Jump to content
  • Advertisement

Archived

This topic is now archived and is closed to further replies.

markdezonia

what is (HWND) really?

This topic is 5291 days old which is more than the 365 day threshold we allow for new replies. Please post a new topic.

If you intended to correct an error in the post then please contact us.

Recommended Posts

Guest Anonymous Poster
Google lead me here, I was trying to understand what DECLARE_HANDLE actually was too.

Looks to me like it''s mostly used to enforce type checking.

But the technical answer appears to be: "it''s a thang".

Sigh...I''ve been coding so long I guess...back in the day when we _did_ bother to understand such...thangs.

Cya

MikeInDallas

Share this post


Link to post
Share on other sites
Advertisement
When expanded, the DECLARE_HANDLE(HWND) line looks like:

struct HWND__
{
int unused;
};

typedef HWND__ *HWND


The ## preprocesser token is like the function strcat, except instead of concatenating strings at runtime, in concatenates strings at compile-time. When used cleverly with macros, you can easily create new variable or struct names.

Share this post


Link to post
Share on other sites
Guest Anonymous Poster
A handle can bee seen as a user-mode identifier of a kernel-mode object.

For instance, if you call CreateFile (which is a function exported from kernel32.dll), that function is a thin wrapper that will cause a kernel-mode transition. The kernel will (via some drivers) open the file requested and keep some data related to that file (where it is on disk etc.). The "return value" from the kernel is some value, so that ReadFile/CloseHandle etc. can operate on that file.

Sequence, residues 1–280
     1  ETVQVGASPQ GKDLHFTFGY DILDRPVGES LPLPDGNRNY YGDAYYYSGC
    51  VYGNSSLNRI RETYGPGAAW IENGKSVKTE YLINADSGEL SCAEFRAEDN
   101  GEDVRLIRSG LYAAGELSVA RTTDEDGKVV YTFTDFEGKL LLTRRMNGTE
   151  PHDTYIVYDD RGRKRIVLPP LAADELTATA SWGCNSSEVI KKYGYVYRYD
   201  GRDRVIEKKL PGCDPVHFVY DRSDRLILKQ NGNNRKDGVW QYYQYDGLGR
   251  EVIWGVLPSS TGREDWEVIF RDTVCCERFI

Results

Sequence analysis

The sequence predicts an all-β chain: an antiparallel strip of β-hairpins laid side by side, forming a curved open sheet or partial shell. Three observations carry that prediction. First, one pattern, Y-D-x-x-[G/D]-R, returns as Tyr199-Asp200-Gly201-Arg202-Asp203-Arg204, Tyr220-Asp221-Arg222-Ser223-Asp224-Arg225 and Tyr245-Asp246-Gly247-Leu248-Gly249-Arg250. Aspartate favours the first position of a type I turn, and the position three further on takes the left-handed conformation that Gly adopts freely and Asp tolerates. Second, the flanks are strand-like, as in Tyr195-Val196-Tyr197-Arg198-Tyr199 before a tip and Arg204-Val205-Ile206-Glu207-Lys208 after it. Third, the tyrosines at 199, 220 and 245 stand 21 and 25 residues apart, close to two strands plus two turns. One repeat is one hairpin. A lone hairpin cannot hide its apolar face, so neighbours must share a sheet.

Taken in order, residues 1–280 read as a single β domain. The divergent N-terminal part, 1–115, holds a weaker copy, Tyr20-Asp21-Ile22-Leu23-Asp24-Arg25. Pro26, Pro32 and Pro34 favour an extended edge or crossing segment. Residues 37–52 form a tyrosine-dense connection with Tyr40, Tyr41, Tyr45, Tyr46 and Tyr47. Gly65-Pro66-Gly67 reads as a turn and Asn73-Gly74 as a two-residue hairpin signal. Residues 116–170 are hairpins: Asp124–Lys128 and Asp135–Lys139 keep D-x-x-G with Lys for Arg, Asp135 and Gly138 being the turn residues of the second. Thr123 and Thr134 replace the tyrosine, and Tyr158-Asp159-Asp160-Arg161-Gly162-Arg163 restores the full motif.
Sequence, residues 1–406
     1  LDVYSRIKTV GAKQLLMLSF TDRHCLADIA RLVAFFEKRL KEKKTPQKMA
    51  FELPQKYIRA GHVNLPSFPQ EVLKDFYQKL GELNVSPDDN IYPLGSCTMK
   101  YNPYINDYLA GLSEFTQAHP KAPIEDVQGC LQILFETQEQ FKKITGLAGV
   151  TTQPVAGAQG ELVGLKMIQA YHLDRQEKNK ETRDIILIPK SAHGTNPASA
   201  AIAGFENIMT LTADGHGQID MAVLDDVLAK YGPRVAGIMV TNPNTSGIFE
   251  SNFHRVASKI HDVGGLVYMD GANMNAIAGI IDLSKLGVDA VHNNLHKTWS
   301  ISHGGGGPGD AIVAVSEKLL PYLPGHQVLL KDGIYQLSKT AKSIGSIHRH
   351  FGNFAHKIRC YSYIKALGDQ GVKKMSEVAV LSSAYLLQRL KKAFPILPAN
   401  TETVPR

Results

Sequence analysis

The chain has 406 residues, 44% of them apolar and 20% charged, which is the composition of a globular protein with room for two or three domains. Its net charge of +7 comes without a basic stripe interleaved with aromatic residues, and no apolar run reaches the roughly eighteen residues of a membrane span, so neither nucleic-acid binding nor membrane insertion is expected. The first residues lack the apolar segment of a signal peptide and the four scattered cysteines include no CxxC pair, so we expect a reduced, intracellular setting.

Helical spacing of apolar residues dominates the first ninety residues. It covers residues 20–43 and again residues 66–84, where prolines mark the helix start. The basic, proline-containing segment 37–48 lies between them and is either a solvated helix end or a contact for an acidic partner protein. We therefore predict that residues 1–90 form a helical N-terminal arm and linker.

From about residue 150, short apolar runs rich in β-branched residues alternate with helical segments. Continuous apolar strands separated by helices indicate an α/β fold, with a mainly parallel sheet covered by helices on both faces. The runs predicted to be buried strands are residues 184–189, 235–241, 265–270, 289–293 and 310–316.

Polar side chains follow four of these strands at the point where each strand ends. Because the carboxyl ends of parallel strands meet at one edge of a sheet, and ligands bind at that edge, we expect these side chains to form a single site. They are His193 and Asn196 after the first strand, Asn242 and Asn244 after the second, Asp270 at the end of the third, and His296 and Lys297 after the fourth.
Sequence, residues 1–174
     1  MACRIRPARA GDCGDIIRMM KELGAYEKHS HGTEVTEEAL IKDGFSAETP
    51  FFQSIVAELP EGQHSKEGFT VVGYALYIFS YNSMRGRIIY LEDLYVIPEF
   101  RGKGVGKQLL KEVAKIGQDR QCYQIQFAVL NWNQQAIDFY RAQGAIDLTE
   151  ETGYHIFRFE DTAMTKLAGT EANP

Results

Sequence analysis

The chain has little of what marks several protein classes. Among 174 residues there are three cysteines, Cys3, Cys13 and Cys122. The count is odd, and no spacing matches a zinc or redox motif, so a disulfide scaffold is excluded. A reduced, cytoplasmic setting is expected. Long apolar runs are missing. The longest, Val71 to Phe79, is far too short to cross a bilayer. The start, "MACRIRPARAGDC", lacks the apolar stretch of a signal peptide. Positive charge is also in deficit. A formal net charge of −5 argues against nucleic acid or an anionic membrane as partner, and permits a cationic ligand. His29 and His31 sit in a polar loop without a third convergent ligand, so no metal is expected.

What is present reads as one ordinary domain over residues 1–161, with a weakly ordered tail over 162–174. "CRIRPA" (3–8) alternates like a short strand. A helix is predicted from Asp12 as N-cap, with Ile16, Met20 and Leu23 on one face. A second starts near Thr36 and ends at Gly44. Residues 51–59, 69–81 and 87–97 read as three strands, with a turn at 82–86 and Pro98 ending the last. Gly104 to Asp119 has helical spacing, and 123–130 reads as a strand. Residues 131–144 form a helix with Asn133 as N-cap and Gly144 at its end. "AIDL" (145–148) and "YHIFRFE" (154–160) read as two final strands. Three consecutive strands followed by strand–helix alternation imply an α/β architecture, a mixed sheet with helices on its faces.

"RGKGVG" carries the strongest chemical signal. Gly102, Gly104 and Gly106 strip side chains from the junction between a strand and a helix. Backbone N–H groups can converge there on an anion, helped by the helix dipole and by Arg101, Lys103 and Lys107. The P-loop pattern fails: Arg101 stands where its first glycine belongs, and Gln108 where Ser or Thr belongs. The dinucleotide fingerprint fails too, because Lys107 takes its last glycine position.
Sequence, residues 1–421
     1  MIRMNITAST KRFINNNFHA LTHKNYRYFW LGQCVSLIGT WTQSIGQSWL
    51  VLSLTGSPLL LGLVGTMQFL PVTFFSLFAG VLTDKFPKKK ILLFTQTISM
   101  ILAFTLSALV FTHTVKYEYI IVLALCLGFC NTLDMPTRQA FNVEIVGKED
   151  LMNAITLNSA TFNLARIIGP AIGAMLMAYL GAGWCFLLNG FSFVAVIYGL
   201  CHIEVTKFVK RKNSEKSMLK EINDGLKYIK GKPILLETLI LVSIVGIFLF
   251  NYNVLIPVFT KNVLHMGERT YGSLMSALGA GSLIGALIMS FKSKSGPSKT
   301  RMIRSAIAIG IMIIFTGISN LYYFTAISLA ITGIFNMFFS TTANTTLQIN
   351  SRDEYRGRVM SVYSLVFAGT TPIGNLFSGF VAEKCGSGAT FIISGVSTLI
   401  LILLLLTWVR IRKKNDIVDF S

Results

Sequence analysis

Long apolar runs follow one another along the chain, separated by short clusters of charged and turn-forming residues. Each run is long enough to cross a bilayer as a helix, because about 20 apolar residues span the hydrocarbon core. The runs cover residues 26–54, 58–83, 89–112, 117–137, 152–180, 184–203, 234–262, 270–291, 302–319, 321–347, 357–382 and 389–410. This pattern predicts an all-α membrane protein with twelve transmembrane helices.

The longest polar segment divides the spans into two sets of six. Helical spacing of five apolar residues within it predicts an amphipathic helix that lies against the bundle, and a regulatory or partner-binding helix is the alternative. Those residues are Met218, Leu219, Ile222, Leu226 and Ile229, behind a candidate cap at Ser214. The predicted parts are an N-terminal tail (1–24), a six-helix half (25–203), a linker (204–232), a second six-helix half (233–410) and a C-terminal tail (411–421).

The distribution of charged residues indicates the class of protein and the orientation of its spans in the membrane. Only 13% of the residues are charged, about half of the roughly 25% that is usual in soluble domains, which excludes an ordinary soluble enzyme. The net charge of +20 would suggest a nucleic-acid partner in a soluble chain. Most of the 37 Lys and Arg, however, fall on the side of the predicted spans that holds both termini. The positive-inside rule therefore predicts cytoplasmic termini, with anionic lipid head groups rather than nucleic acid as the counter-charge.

What the handle actually is in the kernel isn''t really something you need to know about and in theory it could change. It could as mentioned be some index to a table, or a memory pointer used by the kernel.

The kernel obviously needs to do thorough checking to validate the pointer when you call CloseHandle etc. so you don''t pass a malicious value, or call CloseHandle twice with the same value.1

You can read about the "Object Manager" in Windows here: http://www.winntmag.com/

The object manager does not handle graphics, but you should get an understanding about how user-mode and kernel-mode relate to each other.

Share this post


Link to post
Share on other sites

  • Advertisement
×

Important Information

By using GameDev.net, you agree to our community Guidelines, Terms of Use, and Privacy Policy.

We are the game development community.

Whether you are an indie, hobbyist, AAA developer, or just trying to learn, GameDev.net is the place for you to learn, share, and connect with the games industry. Learn more About Us or sign up!

Sign me up!